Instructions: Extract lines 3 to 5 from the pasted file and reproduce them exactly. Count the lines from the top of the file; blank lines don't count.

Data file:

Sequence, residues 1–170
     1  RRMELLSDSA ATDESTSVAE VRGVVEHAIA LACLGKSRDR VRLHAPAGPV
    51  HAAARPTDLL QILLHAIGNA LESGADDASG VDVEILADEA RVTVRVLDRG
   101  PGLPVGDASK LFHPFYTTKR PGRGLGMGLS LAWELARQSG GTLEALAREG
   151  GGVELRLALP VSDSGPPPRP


    51  HAAARPTDLL QILLHAIGNA LESGADDASG VDVEILADEA RVTVRVLDRG
   101  PGLPVGDASK LFHPFYTTKR PGRGLGMGLS LAWELARQSG GTLEALAREG
   151  GGVELRLALP VSDSGPPPRP